Pick a food and utilize talk/discourse/conversation as a research tool (though not necessarily as your exclusive tool) to look at (some aspect of) its preparation.
Although one can look at foodways without dealing directly with discourse (i.e., what people say), it is in the realm of discourse that we find some of the most useful and relevant cultural data concerning food, and some of the best evidence for interpreting the meanings that may be said to reside in the patterns of belief and behavior that are here referred to as foodways. This does not mean to imply that people always say what they know, nor that they necessarily know what they say, so interpretation of discourse data considers not only the face value of the data, but also underlying, entailed, and hidden meanings as well.
This project, as an ethnographic exercise, deals with the preparation aspect of food and with discourse concerning and/or during the preparation of some food(s) as it may elucidate one or more of the weekly topics considered in the syllabus. Please select a food (or group of foods) and investigate its preparation (for as long or short a section of the activities surrounding its preparation as you like) by interviewing at least some people, and supplementing this data, if desired, with recourse to written resources.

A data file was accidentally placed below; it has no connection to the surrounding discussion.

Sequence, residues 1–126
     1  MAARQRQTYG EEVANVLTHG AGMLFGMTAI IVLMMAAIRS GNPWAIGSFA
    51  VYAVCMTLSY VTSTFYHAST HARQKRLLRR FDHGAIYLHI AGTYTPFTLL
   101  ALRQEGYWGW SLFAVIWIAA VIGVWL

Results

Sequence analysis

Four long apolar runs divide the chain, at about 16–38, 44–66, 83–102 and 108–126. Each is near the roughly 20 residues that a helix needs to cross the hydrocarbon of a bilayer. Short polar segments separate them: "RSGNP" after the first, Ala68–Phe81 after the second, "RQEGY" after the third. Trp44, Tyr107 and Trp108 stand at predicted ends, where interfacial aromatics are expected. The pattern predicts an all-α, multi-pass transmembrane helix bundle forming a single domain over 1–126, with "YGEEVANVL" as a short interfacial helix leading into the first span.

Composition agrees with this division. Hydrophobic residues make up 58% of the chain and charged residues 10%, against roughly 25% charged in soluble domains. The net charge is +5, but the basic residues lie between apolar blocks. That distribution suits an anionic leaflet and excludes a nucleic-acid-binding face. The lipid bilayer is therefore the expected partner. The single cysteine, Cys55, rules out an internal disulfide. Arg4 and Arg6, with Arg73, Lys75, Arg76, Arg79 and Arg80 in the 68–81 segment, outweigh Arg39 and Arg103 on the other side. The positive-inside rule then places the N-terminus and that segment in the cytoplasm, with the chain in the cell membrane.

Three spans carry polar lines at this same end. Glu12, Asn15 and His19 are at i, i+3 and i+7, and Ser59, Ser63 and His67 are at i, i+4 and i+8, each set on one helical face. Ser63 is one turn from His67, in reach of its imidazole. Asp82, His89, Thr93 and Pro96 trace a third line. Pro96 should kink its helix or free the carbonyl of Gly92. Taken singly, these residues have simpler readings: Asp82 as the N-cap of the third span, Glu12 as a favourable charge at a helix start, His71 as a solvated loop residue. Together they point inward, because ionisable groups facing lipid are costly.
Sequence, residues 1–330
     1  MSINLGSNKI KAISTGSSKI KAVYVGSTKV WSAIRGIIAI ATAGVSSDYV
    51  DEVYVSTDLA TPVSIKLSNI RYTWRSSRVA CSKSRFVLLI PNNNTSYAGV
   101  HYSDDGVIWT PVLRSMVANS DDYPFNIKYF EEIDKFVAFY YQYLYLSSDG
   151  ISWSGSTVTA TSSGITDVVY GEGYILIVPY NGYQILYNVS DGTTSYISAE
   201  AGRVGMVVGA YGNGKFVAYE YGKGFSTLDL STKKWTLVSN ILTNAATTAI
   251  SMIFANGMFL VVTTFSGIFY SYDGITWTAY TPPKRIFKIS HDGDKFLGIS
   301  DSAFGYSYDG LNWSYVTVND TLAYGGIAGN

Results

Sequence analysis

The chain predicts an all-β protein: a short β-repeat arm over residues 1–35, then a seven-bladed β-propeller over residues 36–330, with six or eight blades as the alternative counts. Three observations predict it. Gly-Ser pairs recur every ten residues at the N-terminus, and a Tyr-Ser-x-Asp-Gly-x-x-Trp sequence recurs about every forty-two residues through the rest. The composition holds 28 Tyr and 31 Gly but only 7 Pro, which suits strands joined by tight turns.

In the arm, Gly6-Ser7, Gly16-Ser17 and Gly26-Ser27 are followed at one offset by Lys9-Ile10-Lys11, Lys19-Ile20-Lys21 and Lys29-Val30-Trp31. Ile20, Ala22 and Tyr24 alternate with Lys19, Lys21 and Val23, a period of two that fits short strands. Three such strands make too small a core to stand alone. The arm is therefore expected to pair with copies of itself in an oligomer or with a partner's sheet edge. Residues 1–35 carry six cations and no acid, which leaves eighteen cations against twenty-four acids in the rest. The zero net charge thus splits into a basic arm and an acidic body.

For example, you might decide to deal with the preparation of tabouli, and to focus on the kitchen context of its preparation (when 2 or more persons are present) and on the kinds of conversation taking place that is relevant say to proportions of parsely to bulgar wheat or to teaching someone about making the dish, or something else. It may be that social structural variables could be revealed, or aspects of group identity. Or you might choose to investigate the preparation of the tamal(e) and focus on the symbolism of this Mesoamerican food. A human infant sized tamal(e) is made by Tzotzil Mayans in a ritual context and referred as the 'infant', suggesting that such a huge tamal(e) symbolizes an infant and references some attributes of a human infant in the ritual context, the better understanding of which could lead to a superior interpretation of the meaning of the ritual and of the tamal in that ritual context.